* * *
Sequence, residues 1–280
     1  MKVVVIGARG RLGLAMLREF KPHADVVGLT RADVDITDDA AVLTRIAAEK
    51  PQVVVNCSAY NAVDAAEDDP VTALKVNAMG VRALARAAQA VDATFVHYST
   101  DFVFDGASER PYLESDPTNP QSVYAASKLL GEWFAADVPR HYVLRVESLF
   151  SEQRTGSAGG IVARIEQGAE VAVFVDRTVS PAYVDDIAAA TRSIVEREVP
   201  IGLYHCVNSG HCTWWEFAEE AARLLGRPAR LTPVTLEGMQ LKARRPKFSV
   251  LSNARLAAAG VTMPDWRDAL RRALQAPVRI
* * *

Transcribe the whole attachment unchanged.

Sequence, residues 1–280
     1  MKVVVIGARG RLGLAMLREF KPHADVVGLT RADVDITDDA AVLTRIAAEK
    51  PQVVVNCSAY NAVDAAEDDP VTALKVNAMG VRALARAAQA VDATFVHYST
   101  DFVFDGASER PYLESDPTNP QSVYAASKLL GEWFAADVPR HYVLRVESLF
   151  SEQRTGSAGG IVARIEQGAE VAVFVDRTVS PAYVDDIAAA TRSIVEREVP
   201  IGLYHCVNSG HCTWWEFAEE AARLLGRPAR LTPVTLEGMQ LKARRPKFSV
   251  LSNARLAAAG VTMPDWRDAL RRALQAPVRI